As the population grows, the energy needs of the population grow as well. And with energy needs growing, it's becoming more and more important to expand alternate sources of energy production. While solar roofs have been around for a while, installing large, clunky solar panels on top of the house isn't practical for every home. Luckily, solar manufacturers and roofing experts are working to make solar roofing more accessible to more people. If you've been thinking about solar energy for your own home, check out some of the newest options that are available or will be available soon for your roof.
Not interested in the clunky look of large solar panel installations? A hybrid of trendy tile and solar panel might be right up your alley. Manufacturers calculate that these tiles will be able to produce as much as 860 kilowatts of power per year. If you don't use all of the energy produced by the tiles to run your home, the excess goes into the power grid, which results in an energy credit for you, the homeowner.
The tiles are designed to work independently of one another, which means that if one shorts out and stops working, the others will continue to work to generate energy. This should make repairs affordable, as you'll only have to replace tiles as they stop working, as opposed to having to replace the entire roof at one time.
While the tile/solar panel hybrids currently only come in blue and are only available in select parts of the country, you can expect variety and availability to grow as the research into solar power technology continues and the popularity of the option increases. Eventually, these unique and stylish tiles will be available in a range of colors to homeowners everywhere.
Hidden Solar Shingles
In some areas, the look of solar panels poses a different kind of problem. Most solar panel options are very visible, which makes them an attractive target for thieves who steal the solar equipment for its resale value. If you live in an area where solar theft is a problem, you may be looking for a way to install solar roofing without tipping off the robbers in the area that you're storing valuable materials on your roof.
The solution? Solar shingles that are designed to blend in with regular asphalt shingles. That means they can be added to, or installed with, regular asphalt shingle roofs. The result of integrating asphalt shingles and solar shingles is that the solar shingles become much less obvious, while still generating up to 60% of the energy needed to power the home. And even if they are noticed, they're much more difficult to steal than a solar panel.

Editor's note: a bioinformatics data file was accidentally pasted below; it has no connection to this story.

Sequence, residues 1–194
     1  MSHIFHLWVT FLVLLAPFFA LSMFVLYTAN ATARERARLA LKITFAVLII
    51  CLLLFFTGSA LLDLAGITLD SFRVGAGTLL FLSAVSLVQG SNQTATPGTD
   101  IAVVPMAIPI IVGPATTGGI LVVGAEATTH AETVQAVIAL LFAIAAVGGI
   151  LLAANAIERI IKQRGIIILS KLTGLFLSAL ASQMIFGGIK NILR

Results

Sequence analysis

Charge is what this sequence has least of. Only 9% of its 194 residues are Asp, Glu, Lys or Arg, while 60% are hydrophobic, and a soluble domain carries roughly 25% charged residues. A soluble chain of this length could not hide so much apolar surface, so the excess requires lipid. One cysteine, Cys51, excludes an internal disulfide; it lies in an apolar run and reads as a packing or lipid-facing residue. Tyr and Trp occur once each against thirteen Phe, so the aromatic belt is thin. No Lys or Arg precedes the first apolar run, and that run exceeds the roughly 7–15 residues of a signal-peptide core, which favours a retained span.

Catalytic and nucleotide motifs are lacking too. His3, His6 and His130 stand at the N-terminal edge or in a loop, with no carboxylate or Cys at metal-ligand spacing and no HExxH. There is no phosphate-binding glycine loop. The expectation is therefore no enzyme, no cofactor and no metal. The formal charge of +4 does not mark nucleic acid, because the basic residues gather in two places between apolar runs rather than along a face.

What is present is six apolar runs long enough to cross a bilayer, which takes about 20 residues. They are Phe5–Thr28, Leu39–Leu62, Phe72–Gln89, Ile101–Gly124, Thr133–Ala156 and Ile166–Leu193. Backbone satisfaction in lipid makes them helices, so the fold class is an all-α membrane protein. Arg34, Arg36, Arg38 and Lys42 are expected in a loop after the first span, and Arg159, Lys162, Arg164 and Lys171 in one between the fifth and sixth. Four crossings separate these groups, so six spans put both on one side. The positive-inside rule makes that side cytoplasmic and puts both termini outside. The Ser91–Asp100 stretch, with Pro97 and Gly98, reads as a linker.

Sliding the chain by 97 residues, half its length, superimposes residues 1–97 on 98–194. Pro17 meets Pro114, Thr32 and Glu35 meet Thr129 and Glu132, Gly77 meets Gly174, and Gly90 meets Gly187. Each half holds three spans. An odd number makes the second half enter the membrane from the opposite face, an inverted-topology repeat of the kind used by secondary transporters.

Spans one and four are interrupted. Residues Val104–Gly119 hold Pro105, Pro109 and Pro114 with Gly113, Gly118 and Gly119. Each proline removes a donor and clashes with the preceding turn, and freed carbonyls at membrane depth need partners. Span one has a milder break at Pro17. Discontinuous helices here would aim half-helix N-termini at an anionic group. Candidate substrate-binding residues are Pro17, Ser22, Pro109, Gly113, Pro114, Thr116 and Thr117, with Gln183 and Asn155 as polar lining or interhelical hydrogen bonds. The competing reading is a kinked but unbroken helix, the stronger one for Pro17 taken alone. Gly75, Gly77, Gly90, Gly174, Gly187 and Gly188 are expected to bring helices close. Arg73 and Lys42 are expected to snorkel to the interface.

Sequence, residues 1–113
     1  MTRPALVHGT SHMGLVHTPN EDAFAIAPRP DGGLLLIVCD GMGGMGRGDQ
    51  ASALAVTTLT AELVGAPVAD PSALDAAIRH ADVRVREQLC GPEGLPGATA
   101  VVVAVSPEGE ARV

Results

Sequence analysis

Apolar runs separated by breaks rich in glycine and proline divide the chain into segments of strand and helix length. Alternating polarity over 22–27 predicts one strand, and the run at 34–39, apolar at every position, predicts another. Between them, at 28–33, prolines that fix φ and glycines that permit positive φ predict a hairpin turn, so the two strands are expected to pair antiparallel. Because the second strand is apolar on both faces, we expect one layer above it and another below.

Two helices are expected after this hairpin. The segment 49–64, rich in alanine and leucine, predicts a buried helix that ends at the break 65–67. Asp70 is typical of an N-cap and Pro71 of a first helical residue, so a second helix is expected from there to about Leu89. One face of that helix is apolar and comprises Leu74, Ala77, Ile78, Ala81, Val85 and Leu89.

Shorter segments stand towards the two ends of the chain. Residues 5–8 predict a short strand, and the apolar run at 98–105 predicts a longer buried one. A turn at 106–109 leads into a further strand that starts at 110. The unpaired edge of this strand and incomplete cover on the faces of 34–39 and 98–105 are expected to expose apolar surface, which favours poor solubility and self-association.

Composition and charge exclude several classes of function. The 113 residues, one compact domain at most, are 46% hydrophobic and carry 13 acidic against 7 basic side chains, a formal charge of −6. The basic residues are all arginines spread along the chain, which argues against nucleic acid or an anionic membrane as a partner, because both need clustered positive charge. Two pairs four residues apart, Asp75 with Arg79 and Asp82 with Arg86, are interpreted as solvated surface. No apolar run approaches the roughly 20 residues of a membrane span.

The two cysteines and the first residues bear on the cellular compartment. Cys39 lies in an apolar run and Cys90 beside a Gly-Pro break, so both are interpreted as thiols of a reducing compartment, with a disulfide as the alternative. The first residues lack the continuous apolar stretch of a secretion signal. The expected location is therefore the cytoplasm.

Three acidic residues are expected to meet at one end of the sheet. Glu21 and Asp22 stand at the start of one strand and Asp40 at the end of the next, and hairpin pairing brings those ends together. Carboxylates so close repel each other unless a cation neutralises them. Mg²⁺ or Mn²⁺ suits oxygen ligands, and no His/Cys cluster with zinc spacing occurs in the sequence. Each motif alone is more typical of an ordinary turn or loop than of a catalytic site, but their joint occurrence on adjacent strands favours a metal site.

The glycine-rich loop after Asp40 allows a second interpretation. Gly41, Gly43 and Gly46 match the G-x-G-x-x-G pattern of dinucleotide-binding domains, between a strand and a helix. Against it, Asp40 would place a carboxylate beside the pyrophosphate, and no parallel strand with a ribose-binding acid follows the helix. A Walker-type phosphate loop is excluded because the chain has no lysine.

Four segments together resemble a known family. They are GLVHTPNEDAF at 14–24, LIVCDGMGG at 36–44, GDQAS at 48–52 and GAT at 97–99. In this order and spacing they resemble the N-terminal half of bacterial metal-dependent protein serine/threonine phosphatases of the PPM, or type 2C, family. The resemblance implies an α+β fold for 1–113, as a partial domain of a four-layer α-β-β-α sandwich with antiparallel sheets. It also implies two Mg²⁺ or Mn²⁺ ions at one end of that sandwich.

In addition to those benefits, these solar shingles are also less difficult and time-consuming to install than solar panels, meaning that you'll pay that much less for the labor involved in the initial installation.
What's the easiest way that you can think of to give yourself a solar roof? If your answer is "paint it on," then good news – soon you may be able to do just that. Solar paint isn't available to the consumer just yet. Scientists still have some work to do to get it ready for the market. However, it's definitely coming in the future.
Right now, the solar cells in solar paint are only one percent efficient. But the good news is that the product does exist, so the hard part is done. It can only improve from here. Even better, when solar paint does emerge fully functional, you'll be able to use it on more than just the roof. Paint it on the walls or your outdoor deck to generate even more power.
To find out just what solar options are available for your home now, talk to a solar roofer about ways you can power your home while adding on a great new roof. And keep your eyes peeled for emerging technology that will make your efforts at power generation even more successful.Share